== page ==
Theoretically, the social and economic situation in the Netherlands should provide favorable conditions for a revival of the Left. A government and institutional culture distrustful of its own citizens, combined with tax breaks and rulings that allow large multinational corporations to evade taxes, have galvanized large segments of the population to reject neoliberal dogma and policy.
Anti-capitalist attitudes amongst young people are on the rise. According to surveys, over 40 percent of households worry about their finances, and two-thirds are financially vulnerable. At the same time the Netherlands ranks among the most unequal countries in the world in terms of wealth disparities, comparable to the United States. Last year, using an improved methodology, the national statistics office concluded that income disparities were greater than previously thought and branded the Dutch tax system as “regressive.” But despite the ever-increasing number of both millionaires and of people living under the poverty line, the Dutch left has not made hay.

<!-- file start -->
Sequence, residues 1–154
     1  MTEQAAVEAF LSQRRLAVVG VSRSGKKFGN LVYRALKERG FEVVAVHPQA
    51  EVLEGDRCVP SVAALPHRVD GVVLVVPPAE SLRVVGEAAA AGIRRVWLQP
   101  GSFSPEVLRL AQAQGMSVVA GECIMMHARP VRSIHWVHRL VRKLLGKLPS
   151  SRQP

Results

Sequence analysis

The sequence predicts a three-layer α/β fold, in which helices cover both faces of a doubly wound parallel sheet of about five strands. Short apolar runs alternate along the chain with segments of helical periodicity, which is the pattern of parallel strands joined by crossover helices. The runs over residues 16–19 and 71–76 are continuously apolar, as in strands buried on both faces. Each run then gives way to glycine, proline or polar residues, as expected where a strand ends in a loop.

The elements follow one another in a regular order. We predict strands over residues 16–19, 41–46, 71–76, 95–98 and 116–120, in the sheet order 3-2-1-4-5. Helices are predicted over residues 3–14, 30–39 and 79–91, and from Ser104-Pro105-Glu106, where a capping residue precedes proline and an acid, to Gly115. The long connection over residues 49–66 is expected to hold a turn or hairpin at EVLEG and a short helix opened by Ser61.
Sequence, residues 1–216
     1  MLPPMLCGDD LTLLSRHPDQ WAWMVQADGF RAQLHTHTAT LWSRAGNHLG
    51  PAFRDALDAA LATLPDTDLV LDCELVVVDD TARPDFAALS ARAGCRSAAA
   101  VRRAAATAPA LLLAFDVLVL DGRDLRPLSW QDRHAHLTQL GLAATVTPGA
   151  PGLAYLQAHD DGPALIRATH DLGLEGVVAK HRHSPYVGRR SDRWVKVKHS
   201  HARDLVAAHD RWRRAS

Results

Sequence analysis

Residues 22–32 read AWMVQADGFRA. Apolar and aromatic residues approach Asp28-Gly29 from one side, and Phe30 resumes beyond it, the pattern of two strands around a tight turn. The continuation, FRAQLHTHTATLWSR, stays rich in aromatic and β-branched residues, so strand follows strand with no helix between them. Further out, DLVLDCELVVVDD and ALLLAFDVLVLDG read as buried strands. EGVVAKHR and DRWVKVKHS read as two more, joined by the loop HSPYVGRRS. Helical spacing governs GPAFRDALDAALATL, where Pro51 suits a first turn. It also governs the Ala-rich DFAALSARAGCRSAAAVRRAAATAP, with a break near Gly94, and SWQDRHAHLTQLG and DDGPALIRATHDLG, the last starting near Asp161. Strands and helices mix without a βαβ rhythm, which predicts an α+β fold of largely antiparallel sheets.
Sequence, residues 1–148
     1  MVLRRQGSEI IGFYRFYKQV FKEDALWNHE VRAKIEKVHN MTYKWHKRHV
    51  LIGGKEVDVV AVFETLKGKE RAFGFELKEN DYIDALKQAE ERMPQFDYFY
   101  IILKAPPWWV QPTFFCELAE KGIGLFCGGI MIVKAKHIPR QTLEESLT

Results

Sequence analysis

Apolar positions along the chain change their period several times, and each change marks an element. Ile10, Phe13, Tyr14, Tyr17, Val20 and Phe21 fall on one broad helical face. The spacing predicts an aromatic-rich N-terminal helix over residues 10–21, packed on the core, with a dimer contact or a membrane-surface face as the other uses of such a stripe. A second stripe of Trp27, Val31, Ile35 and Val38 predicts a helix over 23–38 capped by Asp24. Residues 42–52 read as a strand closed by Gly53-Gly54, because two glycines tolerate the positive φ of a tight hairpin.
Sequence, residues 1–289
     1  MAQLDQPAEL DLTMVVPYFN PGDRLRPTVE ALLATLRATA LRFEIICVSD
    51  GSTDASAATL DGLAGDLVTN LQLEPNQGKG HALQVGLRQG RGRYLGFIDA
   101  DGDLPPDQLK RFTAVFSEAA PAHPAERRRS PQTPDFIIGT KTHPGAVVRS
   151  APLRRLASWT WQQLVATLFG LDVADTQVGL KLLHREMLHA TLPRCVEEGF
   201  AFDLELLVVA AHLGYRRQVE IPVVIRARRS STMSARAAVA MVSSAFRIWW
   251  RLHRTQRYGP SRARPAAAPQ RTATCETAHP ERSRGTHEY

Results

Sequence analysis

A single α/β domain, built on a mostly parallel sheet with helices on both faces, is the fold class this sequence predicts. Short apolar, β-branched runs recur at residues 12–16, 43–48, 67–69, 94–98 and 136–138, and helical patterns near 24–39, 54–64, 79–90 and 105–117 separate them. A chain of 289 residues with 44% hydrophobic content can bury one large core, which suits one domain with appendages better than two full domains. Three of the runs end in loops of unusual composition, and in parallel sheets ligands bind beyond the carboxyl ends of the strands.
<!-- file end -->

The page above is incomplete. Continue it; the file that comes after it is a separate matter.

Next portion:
This insecurity was an important theme during the elections: bestaanszekerheid, a Dutch term meaning something like “living in a condition of social and economic certainty,” was often mentioned, and yet it was the Right that managed to hijack this word and set the terms of the debate. The Left failed to rally voters around the theme of bestaanszekerheid, even though this was long its crown jewel and election winning theme.